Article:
(Bruxelles), Galerie Georges Giroux, 1921. 25,1 x 31,7 cm, original greyish-brown paper portfolio with printed artist's name and title, containing : folded sheet (4)pp. with title,colophon, table of contents, 32 coloured lithographs (frontispiece and 31 numbered prints), each 17,6 x 23 cm, mounted on blank sheets, each preceded by a protective tissue with printed title. Fine condition.
First edition. One of 250 numbered copies on "hollande van Gelder" (copy no. 83), signed on the colophon page. - Taevernier 139.
All great, truly new art is historical. It is not simply beholden to the past, but creates new, lasting images by consciously reacting to moribund forms and, unconsciously, by breathing new life into not wholly exhausted elements. The artist’s hand has a more profound connection to the past than does the art-historical memory.
Scènes de la vie du Christ gives us much to consider. For his most all-encompassing graphic project, Ensor chooses an out-of-fashion theme; he reaches back to the late-medieval combination of religious themes and carnival humour, party and catastrophy; a grandiose excuse for genius - under constant assault from the stupid and wicked - to identify itself with the figure of Christ. The scenes are far from the classically monumental, and comprise rather an unfolding dream sequence in the full glare of daylight, in lines and colours that make everything at once fluent and - ah, ambiguity! - more decorative as well. This is why Ensor opts for an ornamental statement of profile and silhouette (angels of Fra Angelico?). The brutal and wily contrasts between high and low culture, the monsterly protagonists (relatives of the gargoyle ‘spitters’ on Gothic cathedrals) referring to the crisis of Ensor’s time, while also expressing great nostalgia for the lost truthfulness that is the driving force for much modern art. Ensor’s oeuvre is part of that broad movement which, from the 18th century, reacts against classicism and wishes to take up the baton of pre-academic Truth and Naturalness. Blake, Turner, the Romantics who rediscover folk art, the art nouveau movement ... Ensor’s era produced abundant reasons to expose the classical ideal of beauty as a pretty lie, which explains the parallels with the Roman image world of monsters and fantasy creatures, of despairing grimaces hoping to keep the coming catastrophe at bay. Moreover, as pendant to the nightmare (for example, the Great War) we are given an eclectic dream full of dear and exotic, delicate and bizarre elements. Anti-machine morals and aesthetics, where wonder and drama go hand in hand.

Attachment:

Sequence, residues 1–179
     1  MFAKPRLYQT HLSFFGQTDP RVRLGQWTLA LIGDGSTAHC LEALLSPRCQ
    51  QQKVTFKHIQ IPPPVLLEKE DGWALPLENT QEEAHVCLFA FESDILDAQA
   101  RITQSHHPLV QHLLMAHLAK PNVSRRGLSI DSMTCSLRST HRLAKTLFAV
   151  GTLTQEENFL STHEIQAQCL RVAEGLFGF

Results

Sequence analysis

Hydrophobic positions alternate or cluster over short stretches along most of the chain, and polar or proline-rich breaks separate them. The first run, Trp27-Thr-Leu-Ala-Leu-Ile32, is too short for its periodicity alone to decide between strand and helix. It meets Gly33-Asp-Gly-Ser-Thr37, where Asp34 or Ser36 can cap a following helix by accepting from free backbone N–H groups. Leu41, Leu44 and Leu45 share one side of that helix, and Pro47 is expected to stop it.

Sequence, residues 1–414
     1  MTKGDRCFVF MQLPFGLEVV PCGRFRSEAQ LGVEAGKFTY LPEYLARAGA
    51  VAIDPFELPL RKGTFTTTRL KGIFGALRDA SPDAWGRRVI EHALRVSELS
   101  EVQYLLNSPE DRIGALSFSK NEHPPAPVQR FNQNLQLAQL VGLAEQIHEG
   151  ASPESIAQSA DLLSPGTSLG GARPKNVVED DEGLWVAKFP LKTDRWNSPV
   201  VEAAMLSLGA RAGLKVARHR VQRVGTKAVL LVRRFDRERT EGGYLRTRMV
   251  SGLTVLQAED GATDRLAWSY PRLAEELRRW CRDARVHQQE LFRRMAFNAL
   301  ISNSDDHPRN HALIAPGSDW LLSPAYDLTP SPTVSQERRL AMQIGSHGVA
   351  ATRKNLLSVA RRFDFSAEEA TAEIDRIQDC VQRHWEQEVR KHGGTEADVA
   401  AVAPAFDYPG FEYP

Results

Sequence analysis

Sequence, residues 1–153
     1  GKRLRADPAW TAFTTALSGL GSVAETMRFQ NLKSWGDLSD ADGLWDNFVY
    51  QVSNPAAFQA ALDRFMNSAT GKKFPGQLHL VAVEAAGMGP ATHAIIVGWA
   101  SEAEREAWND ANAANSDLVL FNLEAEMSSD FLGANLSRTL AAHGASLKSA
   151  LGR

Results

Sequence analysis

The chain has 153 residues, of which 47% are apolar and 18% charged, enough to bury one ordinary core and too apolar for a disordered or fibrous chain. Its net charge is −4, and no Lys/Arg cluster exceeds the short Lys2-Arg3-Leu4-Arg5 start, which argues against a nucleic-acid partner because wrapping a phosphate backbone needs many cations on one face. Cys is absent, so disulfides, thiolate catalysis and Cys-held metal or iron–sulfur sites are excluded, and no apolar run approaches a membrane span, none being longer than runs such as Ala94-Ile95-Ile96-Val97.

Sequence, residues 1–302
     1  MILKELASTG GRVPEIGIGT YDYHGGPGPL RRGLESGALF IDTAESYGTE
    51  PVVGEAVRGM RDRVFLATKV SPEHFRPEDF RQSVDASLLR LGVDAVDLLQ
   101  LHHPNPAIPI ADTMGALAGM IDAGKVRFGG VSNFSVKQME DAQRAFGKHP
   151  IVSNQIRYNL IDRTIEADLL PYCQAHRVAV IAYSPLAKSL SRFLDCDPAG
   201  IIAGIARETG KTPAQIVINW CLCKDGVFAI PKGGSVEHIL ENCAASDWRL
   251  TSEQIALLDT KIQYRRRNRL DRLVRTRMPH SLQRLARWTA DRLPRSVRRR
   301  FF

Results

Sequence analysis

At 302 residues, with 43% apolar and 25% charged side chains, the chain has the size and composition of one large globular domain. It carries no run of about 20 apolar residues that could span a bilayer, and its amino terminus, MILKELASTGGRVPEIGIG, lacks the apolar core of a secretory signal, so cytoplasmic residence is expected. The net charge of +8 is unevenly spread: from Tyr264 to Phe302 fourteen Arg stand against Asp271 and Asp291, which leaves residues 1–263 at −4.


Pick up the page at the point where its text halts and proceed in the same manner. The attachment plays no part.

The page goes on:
Here we have Ensor in free flight. With much, very much, red, blue, yellow and green, there are echoes of the impressionists and the Nabis, but we are far from their order and calm. A near insane portrait of the Holy Family; a baptism that turns into a communal bath in the sea; overfull scenes with all manner of marionettes, or an Elizabethan theatre where audience and extras and players are confounded in the throng; unbiblical fireworks and carnival. Daumier, Delacroix, and above all Ensor himself. He repeats themes from his own work in the manner of itinerant artists from long ago who painted centuries-old motifs in the places that offered shelter along their route. Christ Walking on Water, Christ Calming the Waters, The Entry of Christ into Brussels, Christ Mocked. Ensor makes it no secret - these scenes track his own biography. And as in Les auréoles du Christ ou Les sensibilités de la lumière, the grandiose cycle from 1885-87, he here wishes to summon up the true light. Art triumphing over darkness. Ensor states this best himself: “Our vision is modified as we observe. The first vision, that of the vulgar herd, is the simple line, unadorned, unconcerned with colour. The second stage is when the better-trained eye discerns values of the tone and their subtleties; this stage is less well understood by the vulgar herd. The last stage is when the artist sees the subtleties and multiple plays of light, its planes, its gravitations. These progressive explorations modify the original vision, and the line suffers and is relegated to a secondary role. This vision will be little comprehended. It requires long observation and attentive study. The vulgar herd sees in it only disorder, chaos, and inaccuracy.”